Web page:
Even Faster Web Sites: Performance Best Practices for Web Developers

Author: Steve Souders
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by anonymous   2017-08-20

The problem with writing scripts at the head of a page is blocking. The browser must stop processing the page until the script is download, parsed and executed. The reason for this is pretty clear, these scripts might insert more into the page changing the result of the rendering, they also may remove things that dont need to be rendered, etc.

Some of the more modern browsers violate this rule by not blocking on the downloading the scripts (ie8 was the first) but overall the download isn't the majority of the time spent blocking.

Check out Even Faster Websites, I just finished reading it and it goes over all of the fast ways to get scripts onto a page, Including putting scripts at the bottom of the page to allow rendering to complete (better UX).

by anonymous   2017-08-20

The current popular convention is to place scripts before the closing </body> tag.

In general, you may want to place a script in the head that will modify the html/css behavior, libraries such as modernizr, html5shiv, etc. are meant to supplant the behavior of CSS, so should be in the <head>. Those are the only scripts I would place in the head section of the document.

Designing your page/site so that scripting isn't needed (to as much of an extent as possible) is the best guideline you can have for a public facing site that may rely on search traffic. If you are developing an intranet/extranet/saas application it isn't as important. What will go along with this is placing scripts at the bottom before the closing body tag, so that all other downloads on the page occur first.

Beyond any of this, having your scripts limited (through minification, and merging) to 6 on a page will allow for scripts to be downloaded simultaneously on browsers that support that behavior. There are tools/techniques that improve on this. Some will bind to the window/load or document/ready events so can be placed anywhere. Having your scripts, css and images on separate CDN domains can help (or spread across a few CDN domains). Avoid having more than 4 total domains in use on a given page as much as possible (excluding common ones such as google analytics, which is likely to already be in the local DNS cache.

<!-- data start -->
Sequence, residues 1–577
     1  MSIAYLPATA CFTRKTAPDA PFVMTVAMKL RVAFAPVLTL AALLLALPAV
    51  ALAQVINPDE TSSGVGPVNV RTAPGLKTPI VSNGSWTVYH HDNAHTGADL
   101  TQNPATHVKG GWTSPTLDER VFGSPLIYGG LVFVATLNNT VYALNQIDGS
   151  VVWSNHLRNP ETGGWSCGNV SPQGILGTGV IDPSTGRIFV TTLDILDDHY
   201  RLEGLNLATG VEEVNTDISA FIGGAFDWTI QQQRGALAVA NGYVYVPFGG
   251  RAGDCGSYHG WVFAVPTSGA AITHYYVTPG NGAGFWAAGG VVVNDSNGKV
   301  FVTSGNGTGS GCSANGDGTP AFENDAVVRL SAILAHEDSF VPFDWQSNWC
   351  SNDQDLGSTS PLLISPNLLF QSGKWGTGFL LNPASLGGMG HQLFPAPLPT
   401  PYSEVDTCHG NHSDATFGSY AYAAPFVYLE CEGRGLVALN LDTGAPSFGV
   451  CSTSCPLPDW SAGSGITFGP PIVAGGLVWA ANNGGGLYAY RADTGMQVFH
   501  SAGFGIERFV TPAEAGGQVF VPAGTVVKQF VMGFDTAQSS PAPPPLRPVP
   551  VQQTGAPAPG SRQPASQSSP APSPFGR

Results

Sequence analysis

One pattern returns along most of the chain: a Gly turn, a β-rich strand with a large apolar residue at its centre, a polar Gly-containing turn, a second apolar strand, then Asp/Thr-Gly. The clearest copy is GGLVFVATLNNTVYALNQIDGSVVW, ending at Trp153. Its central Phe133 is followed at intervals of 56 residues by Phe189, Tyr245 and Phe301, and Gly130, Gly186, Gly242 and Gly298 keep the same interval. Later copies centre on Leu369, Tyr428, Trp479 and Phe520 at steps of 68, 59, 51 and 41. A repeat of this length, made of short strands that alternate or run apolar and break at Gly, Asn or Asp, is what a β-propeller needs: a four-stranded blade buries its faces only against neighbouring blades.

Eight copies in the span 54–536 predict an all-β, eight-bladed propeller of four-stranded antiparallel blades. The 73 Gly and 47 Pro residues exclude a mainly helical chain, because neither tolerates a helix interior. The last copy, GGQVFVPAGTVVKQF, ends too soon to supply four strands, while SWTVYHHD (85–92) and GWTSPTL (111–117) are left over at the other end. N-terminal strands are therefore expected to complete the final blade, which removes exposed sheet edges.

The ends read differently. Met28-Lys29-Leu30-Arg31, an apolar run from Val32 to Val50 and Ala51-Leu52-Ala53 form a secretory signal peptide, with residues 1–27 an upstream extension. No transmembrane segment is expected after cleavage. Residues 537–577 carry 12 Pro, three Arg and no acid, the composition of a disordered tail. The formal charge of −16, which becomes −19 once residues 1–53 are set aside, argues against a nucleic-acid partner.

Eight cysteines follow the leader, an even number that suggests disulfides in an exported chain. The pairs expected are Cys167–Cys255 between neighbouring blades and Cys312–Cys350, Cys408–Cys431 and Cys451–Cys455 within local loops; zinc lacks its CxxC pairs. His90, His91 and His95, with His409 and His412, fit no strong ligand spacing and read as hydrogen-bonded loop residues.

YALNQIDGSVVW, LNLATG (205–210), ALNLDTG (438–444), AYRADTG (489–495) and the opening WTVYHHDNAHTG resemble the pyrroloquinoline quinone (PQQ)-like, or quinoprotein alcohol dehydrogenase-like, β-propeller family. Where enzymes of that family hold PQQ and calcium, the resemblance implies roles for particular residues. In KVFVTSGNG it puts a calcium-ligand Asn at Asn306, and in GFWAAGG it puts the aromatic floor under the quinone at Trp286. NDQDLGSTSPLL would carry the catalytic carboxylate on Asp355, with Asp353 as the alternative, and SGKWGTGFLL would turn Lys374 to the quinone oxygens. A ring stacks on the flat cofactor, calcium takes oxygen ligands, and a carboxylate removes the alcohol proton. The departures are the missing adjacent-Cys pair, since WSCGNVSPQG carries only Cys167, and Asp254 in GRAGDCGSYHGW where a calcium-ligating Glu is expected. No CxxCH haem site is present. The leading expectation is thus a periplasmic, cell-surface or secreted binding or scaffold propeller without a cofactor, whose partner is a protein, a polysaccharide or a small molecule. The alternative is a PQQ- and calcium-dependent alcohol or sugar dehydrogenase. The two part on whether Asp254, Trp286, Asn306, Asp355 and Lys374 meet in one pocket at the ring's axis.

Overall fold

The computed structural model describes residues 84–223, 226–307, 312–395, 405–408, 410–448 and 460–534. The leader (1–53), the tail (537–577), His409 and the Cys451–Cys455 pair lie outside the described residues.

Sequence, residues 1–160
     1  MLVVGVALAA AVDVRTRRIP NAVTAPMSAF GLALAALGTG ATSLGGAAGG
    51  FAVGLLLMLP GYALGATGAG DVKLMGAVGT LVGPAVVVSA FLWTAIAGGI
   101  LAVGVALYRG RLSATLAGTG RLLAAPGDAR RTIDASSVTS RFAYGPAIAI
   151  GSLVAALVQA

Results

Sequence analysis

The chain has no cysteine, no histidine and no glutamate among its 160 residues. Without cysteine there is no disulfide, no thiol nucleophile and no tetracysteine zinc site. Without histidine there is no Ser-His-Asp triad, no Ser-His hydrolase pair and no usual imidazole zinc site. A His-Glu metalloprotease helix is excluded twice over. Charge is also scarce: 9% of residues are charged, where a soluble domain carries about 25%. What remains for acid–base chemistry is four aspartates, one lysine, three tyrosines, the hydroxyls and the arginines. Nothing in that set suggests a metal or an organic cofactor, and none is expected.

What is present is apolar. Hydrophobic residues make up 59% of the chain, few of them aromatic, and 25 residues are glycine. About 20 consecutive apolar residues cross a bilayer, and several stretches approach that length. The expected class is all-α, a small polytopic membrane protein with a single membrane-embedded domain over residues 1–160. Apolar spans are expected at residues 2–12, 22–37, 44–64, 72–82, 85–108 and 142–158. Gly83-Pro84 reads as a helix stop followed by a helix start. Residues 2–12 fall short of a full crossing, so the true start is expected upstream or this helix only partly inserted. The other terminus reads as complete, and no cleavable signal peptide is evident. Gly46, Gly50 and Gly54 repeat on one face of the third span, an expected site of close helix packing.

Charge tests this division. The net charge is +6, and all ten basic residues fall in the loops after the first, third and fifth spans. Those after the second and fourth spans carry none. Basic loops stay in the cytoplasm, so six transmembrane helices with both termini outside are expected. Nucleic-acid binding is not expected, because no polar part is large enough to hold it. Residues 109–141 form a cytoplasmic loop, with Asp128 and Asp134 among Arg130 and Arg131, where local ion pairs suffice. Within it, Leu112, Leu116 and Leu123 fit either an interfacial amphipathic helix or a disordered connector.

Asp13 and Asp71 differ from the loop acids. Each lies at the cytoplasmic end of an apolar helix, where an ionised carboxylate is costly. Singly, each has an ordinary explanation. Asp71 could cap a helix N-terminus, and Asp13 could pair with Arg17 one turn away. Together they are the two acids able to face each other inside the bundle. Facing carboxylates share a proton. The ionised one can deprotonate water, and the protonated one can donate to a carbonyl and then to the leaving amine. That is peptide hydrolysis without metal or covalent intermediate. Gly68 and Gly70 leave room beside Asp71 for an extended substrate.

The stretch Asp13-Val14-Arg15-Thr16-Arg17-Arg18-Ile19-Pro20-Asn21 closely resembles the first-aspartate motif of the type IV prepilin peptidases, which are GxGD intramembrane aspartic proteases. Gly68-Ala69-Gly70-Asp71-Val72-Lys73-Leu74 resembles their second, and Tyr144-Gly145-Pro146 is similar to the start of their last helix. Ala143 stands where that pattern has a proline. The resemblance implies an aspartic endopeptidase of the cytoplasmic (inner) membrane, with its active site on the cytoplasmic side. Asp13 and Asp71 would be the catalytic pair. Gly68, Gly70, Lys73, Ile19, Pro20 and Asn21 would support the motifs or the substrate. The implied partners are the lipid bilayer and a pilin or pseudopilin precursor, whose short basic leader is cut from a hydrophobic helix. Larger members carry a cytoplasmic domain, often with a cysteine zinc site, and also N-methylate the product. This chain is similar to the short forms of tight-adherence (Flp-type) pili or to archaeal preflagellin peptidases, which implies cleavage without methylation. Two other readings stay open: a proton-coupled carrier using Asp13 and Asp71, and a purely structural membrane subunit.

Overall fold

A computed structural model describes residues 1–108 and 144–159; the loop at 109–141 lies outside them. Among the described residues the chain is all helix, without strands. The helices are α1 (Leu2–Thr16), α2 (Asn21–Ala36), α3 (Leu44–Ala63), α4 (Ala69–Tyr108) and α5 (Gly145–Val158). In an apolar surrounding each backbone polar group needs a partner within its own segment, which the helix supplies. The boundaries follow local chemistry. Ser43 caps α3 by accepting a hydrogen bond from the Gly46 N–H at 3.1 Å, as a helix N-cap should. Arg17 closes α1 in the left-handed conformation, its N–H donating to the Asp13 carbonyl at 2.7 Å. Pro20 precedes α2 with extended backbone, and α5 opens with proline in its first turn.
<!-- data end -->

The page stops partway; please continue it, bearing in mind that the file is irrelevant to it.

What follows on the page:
I would suggest reading "Even Faster Websites" by Steve Souders for more coverage on this area. Optimizing performance is about more than just where to put your JS.

by anonymous   2017-08-20

O'Reillys "Even Faster Web Sites" has a whole chapter on this entitled "Simplifying CSS Selectors". It references your link on Mozilla.

I think two points are worth bearing in mind.

  1. Yes, if you did this as far as possible, your HTML and CSS would be a mess of styles and possibly even more inefficient due to added file size. It is up to the developer to pick the best balance. Don't agonize over optimizing every line as you write it, get it working then see what can be beneficial.

  2. As another commenter noted, it takes the browser milliseconds to figure it out how to apply your styles on page load. However, where this can have much bigger impact is with DHTML. Every time you change the DOM, the browser re-applies your whole style sheet to the page. In this scenario many inefficient selectors could make a visible impact to your page (perceived lagginess/ unresponsiveness).